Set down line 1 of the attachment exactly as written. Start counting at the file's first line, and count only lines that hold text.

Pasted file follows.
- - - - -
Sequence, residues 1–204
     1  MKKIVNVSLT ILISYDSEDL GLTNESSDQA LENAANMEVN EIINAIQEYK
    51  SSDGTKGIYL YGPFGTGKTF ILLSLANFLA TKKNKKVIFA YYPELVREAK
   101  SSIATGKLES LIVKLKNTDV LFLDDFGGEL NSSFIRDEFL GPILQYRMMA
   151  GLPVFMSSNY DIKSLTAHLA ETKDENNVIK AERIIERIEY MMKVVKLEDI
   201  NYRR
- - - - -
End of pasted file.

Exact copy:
Sequence, residues 1–204